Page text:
In a February 18 Op-Ed in The Washington Post, libertarian billionaire Charles Koch wrote something that nobody ever expected to read: He agrees with Bernie Sanders.
Despite Mr. Sanders continually pointing to Mr. Koch and his brother David Koch as the epitome of what’s wrong with American politics, Koch writes that he agrees that the country’s political and economic system is rigged in favor of the privileged few, and he agrees that our criminal justice system needs reform.
But where the uber rich businessman and political activist diverges from Mr. Sanders is in his approach to solving these problems.
“I applaud the senator for giving a voice to many Americans struggling to get ahead in a system too often stacked in favor of the haves,” writes Mr. Koch, “but I disagree with his desire to expand the federal government’s control over people’s lives. This is what built so many barriers to opportunity in the first place.”
In fact, the Koch brothers, who run Koch Industries, a fossil fuel company headquartered in Wichita, Kan. have spent billions to fund foundations, advocacy groups, corporations, and think tanks to help promote their anti-government views and to mold American politics.
Many believe that their efforts have helped block progress on issues like climate change and income inequality.
“The Kochs exemplify a new reality that strikes at the heart of America,” wrote Robert B. Reich, professor of public policy at the University of California at Berkeley.
“The vast wealth that has accumulated at the top of the American economy is not itself the problem. The problem is that political power tends to rise to where the money is. And this combination of great wealth with political power leads to greater and greater accumulations and concentrations of both – tilting the playing field in favor of the Kochs and their ilk, and against the rest of us,” he wrote.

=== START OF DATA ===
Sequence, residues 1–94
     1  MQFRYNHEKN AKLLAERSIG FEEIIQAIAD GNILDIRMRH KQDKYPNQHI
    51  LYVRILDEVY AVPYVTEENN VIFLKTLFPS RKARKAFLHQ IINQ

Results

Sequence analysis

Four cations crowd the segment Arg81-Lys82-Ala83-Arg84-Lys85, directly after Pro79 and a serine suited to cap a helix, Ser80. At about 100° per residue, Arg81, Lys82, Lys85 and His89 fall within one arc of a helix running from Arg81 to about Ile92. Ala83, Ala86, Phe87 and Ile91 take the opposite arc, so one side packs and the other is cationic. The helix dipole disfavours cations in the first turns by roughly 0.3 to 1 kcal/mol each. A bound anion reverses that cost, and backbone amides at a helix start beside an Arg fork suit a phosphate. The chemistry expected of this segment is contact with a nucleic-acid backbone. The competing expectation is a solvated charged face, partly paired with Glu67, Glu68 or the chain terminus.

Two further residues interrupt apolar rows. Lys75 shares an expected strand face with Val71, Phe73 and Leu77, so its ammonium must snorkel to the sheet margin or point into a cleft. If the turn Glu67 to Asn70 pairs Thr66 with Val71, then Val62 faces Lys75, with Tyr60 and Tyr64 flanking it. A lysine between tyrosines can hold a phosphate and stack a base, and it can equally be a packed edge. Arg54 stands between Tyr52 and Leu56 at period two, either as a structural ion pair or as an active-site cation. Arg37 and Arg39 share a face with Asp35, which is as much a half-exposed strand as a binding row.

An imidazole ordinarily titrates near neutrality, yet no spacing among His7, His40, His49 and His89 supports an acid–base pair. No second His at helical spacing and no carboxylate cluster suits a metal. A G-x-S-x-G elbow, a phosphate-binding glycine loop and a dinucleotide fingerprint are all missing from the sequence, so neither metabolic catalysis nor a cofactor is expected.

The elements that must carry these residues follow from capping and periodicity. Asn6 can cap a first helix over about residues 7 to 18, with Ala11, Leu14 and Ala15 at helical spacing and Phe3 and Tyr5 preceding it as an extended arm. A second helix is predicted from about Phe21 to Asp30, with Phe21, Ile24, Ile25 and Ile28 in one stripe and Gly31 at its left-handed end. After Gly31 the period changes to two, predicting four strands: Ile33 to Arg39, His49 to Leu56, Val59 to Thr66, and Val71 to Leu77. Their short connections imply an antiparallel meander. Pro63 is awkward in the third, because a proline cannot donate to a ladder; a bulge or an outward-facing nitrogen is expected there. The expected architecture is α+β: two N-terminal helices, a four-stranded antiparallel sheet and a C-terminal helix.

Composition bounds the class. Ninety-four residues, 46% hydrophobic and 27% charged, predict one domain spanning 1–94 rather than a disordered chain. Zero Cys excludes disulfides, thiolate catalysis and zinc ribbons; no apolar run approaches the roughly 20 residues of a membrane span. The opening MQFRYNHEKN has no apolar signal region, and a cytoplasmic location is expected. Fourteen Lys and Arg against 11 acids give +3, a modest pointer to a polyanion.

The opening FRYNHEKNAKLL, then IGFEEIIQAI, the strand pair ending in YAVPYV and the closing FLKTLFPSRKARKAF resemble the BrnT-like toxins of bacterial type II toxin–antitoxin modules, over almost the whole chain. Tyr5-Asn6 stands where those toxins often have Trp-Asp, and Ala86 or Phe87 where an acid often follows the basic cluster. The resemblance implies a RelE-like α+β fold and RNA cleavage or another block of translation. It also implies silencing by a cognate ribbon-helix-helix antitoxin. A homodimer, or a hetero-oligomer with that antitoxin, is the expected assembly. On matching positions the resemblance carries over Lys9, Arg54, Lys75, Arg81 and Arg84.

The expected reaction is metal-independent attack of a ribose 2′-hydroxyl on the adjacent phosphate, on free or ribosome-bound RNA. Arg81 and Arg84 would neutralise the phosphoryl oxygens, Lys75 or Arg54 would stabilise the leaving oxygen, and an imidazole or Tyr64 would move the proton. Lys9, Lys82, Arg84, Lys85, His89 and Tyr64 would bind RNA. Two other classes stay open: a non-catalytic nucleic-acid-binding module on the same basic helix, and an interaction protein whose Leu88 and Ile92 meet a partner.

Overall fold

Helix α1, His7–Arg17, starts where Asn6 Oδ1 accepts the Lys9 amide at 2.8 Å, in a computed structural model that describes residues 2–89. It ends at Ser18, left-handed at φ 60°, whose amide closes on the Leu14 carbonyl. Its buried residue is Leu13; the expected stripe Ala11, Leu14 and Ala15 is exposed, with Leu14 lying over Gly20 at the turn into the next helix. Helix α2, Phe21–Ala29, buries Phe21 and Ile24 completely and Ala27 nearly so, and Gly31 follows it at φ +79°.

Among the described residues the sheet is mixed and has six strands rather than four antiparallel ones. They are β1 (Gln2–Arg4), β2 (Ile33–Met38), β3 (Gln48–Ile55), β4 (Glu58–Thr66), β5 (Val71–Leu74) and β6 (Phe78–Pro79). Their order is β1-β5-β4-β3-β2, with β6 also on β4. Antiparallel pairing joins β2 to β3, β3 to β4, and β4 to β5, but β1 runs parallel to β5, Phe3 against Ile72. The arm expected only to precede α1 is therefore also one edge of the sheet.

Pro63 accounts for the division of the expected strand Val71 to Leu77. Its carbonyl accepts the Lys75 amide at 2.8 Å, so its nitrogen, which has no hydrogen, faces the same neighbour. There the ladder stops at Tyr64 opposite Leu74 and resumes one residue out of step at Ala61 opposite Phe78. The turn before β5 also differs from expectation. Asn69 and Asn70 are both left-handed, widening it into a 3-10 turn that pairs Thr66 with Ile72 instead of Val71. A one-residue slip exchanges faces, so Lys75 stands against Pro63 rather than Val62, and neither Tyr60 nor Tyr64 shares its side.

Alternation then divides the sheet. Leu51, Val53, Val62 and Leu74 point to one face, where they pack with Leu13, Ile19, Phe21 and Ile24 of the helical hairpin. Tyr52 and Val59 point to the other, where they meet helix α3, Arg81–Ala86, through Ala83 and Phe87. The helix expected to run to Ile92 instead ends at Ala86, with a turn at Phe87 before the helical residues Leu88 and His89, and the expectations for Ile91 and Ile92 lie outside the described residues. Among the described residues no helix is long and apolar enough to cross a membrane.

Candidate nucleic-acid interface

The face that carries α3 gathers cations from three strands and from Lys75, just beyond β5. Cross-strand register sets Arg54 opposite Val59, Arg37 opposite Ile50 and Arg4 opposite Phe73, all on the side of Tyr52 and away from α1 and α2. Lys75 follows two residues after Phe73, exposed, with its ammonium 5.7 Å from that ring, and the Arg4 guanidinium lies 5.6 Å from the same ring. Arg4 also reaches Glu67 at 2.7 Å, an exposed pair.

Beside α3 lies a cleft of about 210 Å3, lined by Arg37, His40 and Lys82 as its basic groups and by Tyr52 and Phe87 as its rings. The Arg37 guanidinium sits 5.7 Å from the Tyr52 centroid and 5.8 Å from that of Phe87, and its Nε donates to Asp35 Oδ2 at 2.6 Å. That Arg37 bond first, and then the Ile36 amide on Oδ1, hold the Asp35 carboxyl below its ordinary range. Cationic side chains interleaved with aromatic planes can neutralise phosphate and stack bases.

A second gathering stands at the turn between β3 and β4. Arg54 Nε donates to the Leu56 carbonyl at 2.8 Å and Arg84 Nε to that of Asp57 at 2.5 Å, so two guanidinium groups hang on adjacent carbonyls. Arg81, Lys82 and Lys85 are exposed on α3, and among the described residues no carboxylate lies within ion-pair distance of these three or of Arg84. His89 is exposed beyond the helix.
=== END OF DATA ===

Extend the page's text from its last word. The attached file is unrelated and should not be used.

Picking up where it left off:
The network of conservative billionaires led by the Koch brothers is expected to spend close to $900 million to influence the 2016 presidential campaign, which is as much as each political party is expected to spend on its candidate, reported The New York Times recently, and double the amount the brothers spent on the 2012 elections.
"The Koch brothers – second-wealthiest family and extreme right-wing family – they also have one vote, but they are going to spend some $900 million in this campaign to try to elect candidates who will cut Social Security, Medicare, federal aid to education, and environmental programs,” Sanders said to students at George Mason University in November.
"When you have one family – this is America, this it not some small Third World country – when in the United States of America you have one family spending more money than either the Democratic or Republican parties, that is not democracy. That is oligarchy, and we have got to change that" he said.
Koch says, like Sanders, he wants to see change too. When the government picks winners and losers through its economic policies, he writes in his Op-Ed, this impedes progress in society.
"That’s why Koch Industries opposes all forms of corporate welfare — even those that benefit us," Koch writes, citing Koch Industries' opposition to ethanol subsidies, despite the fact that their company produces ethanol.
Like Sanders, Koch sees serious problems with America's justice system, which he says doles out disparate punishment to rich and poor:
Today, if you’re poor and get caught possessing and selling pot, you could end up in jail. Your conviction will hold you back from many opportunities in life. However, if you are well-connected and have ample financial resources, the rules change dramatically. Where is the justice in that?
Koch says that job applications to Koch Industries have "banned the box" that asks if the applicant has a criminal record. "Public policy must change if people are to have the chance to succeed after making amends for their transgressions," he writes.
So is Koch going to cast a ballot for Bernie? Don't count on it. While he and the Vermont senator may share a desire for some of the same social outcomes, for Koch, the path to a more humane society does not run through government intervention.
"History has proven that a bigger, more controlling, more complex and costlier federal government leaves the disadvantaged less likely to improve their lives," he writes.